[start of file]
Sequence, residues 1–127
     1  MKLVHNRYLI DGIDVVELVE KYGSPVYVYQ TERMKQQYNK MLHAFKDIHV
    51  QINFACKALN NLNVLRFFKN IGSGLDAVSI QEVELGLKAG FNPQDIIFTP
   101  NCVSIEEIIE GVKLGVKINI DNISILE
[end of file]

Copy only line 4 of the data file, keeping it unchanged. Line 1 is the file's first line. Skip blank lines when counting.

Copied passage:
   101  NCVSIEEIIE GVKLGVKINI DNISILE